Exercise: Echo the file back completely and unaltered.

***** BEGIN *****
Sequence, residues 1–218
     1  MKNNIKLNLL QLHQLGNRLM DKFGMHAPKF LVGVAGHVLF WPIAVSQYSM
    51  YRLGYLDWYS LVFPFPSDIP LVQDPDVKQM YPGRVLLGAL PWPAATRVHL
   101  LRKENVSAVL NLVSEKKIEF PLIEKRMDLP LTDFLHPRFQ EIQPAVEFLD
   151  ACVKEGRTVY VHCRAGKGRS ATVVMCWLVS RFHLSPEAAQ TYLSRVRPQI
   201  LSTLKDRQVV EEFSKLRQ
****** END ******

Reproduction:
Sequence, residues 1–218
     1  MKNNIKLNLL QLHQLGNRLM DKFGMHAPKF LVGVAGHVLF WPIAVSQYSM
    51  YRLGYLDWYS LVFPFPSDIP LVQDPDVKQM YPGRVLLGAL PWPAATRVHL
   101  LRKENVSAVL NLVSEKKIEF PLIEKRMDLP LTDFLHPRFQ EIQPAVEFLD
   151  ACVKEGRTVY VHCRAGKGRS ATVVMCWLVS RFHLSPEAAQ TYLSRVRPQI
   201  LSTLKDRQVV EEFSKLRQ